Practice for building an Oracle applications user experience

Wireframing is integral to the user experience process of building great Oracle applications

Wireframing as part of the user experience process

A wireframe represents a story of how applications pages are used by real workers to do real work. Wireframing is a low-fidelity drawing on paper or electronic format that starts to close the gap between the intent of the concept and the action of the worker, which eventually comes to life as an application living in the cloud or in your computer room.

Wireframe example of a trouble ticket in CRM


Wireframe of a trouble ticket in CRM that shows how design patterns and guidelines are applied to  build consistency and productivity into a flow (click for full version in PDF)

Wireframing offers big wins for applications builders. We’ve learned that wireframing shortens the innovation cycle, exposes problems early, increases productivity of application builders, and eliminates costly surprises late in the build cycle. Customers and partners have learned this, too, when designing and tailoring applications. We use wireframes to apply usability heuristics, and we apply our user experience design patterns to the wireframe before a single line of code is written. Using wireframes, we can iterate quickly and evaluate alternatives in a cost- and time-efficient way. Partners and customers have learned this, too, and more, when designing and tailoring applications.

Which best practices do we apply when wireframing? 

Wireframing practices vary. We follow a few best practices consistently, including: 
  • Focus on the intent of a wireframe. 
Understand the difference between a wireframe, prototype, and testable application code. Garner buy-in from the right stakeholders, not just end users, but also other interested parties, such as other workers or developers or support people, managers, and decision-makers so that you can void the "but all I wanted was" syndrome after the development is complete. And do remember this is a process. Some things cannot be wireframed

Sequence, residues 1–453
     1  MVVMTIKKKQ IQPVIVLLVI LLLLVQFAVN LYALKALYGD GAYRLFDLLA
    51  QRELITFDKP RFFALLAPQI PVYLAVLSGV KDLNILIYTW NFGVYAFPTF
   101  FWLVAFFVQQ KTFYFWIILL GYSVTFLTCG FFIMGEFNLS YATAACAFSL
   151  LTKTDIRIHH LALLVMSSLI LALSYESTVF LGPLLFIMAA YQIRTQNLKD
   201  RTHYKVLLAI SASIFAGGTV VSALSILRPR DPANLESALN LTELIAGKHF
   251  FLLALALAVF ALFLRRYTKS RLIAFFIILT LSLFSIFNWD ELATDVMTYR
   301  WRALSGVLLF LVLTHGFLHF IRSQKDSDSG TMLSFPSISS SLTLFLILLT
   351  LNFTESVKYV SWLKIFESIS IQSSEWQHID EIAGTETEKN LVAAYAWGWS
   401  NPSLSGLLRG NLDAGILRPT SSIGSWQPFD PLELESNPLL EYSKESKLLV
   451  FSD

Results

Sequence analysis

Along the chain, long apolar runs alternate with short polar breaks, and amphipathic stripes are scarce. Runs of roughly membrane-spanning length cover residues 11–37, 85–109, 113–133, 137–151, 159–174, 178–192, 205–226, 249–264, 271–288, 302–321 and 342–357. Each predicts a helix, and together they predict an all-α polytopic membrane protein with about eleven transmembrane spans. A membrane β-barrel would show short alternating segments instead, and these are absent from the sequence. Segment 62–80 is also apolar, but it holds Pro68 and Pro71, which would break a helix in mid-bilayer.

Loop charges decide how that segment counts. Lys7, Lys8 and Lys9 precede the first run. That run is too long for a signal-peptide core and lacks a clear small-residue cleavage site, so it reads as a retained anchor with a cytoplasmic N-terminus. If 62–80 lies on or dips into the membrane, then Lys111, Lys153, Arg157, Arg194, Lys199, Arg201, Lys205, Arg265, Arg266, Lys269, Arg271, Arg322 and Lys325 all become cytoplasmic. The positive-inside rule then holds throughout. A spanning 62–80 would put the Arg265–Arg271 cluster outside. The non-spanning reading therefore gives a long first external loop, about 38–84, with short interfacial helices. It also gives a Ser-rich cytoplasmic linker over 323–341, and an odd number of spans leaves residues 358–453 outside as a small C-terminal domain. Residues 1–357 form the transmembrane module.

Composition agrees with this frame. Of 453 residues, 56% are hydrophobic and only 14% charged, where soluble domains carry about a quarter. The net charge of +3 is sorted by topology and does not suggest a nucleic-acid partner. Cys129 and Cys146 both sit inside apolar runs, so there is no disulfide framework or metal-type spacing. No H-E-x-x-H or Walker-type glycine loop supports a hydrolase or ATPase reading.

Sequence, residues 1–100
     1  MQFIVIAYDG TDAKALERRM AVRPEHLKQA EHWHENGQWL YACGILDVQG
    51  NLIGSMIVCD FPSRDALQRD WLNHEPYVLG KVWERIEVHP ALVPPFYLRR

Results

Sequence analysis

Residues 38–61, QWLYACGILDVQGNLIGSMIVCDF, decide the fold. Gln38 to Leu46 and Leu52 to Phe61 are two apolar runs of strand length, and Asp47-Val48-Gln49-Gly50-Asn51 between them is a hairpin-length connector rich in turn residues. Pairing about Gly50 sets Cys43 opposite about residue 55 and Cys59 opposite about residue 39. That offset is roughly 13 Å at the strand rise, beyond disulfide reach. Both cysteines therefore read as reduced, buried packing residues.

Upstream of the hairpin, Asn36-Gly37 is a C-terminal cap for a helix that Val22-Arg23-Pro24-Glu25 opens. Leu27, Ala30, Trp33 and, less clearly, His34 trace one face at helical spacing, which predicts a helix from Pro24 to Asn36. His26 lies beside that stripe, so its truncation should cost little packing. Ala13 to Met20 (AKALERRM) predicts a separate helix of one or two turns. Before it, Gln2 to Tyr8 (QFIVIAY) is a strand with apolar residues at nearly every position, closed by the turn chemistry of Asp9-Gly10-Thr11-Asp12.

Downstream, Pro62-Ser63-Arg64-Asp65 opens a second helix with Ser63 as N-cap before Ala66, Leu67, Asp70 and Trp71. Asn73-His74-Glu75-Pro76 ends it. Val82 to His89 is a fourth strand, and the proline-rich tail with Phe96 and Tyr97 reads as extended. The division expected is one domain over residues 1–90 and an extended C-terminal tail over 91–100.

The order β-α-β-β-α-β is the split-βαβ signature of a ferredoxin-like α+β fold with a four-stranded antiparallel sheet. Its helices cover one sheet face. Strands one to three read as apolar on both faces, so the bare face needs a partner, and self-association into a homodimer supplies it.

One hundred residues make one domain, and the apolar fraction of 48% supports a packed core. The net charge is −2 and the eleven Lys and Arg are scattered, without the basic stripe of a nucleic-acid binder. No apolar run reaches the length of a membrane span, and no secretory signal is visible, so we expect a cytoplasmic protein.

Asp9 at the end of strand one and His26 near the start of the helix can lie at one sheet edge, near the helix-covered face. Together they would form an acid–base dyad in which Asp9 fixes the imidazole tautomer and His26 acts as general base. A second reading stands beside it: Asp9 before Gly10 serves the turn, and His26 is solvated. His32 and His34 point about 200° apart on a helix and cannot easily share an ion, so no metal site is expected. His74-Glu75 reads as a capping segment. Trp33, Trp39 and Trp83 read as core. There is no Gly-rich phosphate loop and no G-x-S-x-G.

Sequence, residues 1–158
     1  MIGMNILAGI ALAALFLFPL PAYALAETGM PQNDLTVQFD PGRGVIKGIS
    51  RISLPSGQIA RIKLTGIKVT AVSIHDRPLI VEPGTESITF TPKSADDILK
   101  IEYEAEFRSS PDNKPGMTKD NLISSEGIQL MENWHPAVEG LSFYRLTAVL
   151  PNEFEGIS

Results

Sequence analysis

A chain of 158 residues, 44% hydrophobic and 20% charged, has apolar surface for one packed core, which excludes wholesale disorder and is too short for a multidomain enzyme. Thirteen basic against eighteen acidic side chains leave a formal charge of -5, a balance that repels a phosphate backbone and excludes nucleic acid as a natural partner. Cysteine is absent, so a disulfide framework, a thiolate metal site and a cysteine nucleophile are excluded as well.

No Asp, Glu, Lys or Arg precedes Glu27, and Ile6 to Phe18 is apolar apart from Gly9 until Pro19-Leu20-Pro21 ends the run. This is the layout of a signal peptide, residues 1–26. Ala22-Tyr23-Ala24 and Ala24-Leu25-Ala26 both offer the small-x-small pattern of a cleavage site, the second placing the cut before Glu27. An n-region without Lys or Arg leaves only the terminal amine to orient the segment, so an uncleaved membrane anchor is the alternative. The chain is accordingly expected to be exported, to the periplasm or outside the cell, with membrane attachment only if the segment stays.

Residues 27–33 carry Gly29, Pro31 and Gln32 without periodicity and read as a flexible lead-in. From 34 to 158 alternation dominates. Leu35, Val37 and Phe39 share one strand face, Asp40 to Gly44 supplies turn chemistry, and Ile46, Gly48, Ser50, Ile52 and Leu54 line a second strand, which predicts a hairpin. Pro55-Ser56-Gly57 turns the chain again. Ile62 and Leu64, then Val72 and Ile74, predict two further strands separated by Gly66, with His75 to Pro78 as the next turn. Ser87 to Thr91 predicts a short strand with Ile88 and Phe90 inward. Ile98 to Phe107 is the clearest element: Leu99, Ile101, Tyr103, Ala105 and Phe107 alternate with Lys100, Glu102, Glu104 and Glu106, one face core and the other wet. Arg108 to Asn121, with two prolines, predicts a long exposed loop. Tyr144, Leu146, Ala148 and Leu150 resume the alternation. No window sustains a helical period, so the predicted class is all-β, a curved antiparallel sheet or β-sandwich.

• Manage your wireframing practice. 
Plan and control wireframing by assigning an owner, applying file naming and priority conventions, managing version control, adding arrows and annotations, and so on. 

Think about this: The great sketching master Leonardo da Vinci organized his sketches in a codex or library—principles that are well founded to this day.
  • Use suitable tools. 
Paper and pencil can be used as basic wireframing tools, but they are not scalable and persistent. Software tools, such as Balsamiq Mockups (widely used in Oracle), Microsoft Visio (a favorite of Oracle Fusion Applications internally, also used by the Oracle Application Development Framework team), Microsoft PowerPoint, and mobile options, for smart phones or tablets are better alternatives for building enterprise applications. Considerations for wireframing tools that we've found most useful include ease of use, speed of iteration, portability, ease of collaboration, cost of the software, and ability to avoid lock-in between partners.
  • Establish a few process best practices. 
Wireframing is about iterating until agreement is reached. Provide alternative drawings for evaluation by stakeholders. Create widgets, templates, and stencils for wireframing in your tool of choice and then reuse them. Matching wireframe flows to the reusable solutions provided by user experience design patterns also cuts design and development time and improves developer productivity.
  • Learn from others. 
Stay tuned to Misha Vaughn's Voice of User Experience (VoX) blog and your customer and partner channels so that you can learn about workshops that focus on building great-looking usable applications, A Day in the Life of UX wireframing activities, and other upcoming outreach opportunities that explore wireframing as part of the overall user experience process.

Interested in learning more?